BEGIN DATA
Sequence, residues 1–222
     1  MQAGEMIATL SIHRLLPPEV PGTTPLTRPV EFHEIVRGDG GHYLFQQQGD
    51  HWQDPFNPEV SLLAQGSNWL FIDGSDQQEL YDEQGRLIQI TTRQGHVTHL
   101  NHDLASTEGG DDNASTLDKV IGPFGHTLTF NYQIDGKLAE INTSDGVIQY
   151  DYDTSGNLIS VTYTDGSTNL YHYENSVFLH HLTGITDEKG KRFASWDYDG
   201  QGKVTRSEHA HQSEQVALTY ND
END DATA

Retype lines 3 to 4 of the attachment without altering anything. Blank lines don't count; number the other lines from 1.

    51  HWQDPFNPEV SLLAQGSNWL FIDGSDQQEL YDEQGRLIQI TTRQGHVTHL
   101  NHDLASTEGG DDNASTLDKV IGPFGHTLTF NYQIDGKLAE INTSDGVIQY